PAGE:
There are many ways to create a more interactive, user-focused collection.


Creating a map to track a person or item’s movement in history can provide the context needed to understand its importance. Users can orient the documents in the real world with familiar places that they can better connect with. Using historic maps can be useful, but online services, like Google Maps, can be just as effective and oftentimes more interactive.


Creating infographics may take time and skill, but they are a great way to track or represent ideas. They are also easy for users to follow and can include links or pictures to allow more engagement. Want to show how events relate to one another or highlight main ideas with historical context without overwhelming the user with a page full of text? An infographic may be the way to go.

Historical Dictionaries

Not everything from two hundred, three hundred, or a thousand years ago will make sense to a modern reader, even with historical context. Linking text that may mean something different in its time or is no longer in common usage to a historic dictionary can give more value to items that would otherwise confuse more than illuminate.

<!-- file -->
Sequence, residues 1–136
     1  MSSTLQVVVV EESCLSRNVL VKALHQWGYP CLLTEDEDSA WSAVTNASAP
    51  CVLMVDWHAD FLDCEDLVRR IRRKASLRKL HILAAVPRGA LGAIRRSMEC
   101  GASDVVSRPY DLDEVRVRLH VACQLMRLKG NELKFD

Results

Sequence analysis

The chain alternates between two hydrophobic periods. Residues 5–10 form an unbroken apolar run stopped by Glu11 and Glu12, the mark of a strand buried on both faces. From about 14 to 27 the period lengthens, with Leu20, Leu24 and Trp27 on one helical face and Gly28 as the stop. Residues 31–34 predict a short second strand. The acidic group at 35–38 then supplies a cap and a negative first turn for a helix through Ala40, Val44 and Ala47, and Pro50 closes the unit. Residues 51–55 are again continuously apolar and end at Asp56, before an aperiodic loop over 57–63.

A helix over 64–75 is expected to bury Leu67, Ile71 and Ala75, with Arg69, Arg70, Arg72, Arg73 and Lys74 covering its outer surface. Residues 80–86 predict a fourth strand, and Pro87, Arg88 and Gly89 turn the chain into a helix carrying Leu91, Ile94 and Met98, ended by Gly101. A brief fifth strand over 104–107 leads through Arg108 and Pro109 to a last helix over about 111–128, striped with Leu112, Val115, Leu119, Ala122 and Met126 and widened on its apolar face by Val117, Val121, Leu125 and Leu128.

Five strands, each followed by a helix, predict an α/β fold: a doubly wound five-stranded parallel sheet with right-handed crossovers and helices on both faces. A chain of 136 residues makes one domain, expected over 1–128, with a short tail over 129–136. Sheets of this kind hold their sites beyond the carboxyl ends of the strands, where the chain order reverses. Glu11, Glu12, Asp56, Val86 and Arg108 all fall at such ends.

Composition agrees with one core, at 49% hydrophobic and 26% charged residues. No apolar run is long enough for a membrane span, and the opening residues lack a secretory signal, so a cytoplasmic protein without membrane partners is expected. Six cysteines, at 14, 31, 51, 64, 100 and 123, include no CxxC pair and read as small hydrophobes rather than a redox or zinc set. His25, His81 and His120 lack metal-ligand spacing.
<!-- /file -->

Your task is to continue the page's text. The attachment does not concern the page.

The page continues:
Work desktop and devices evolution,
  1. Connect Documents to Today
Blogs and articles utilizing an “On this day in history…” connection to the past can be a fun reminder of what the world was like throughout history. Articles that highlight past events on the date they occurred can be a great idea to help users connect to the collection in a new way. They can also be effective social media posts to engage your audience beyond the collection itself and keep interest even when there is nothing new about the collection to report.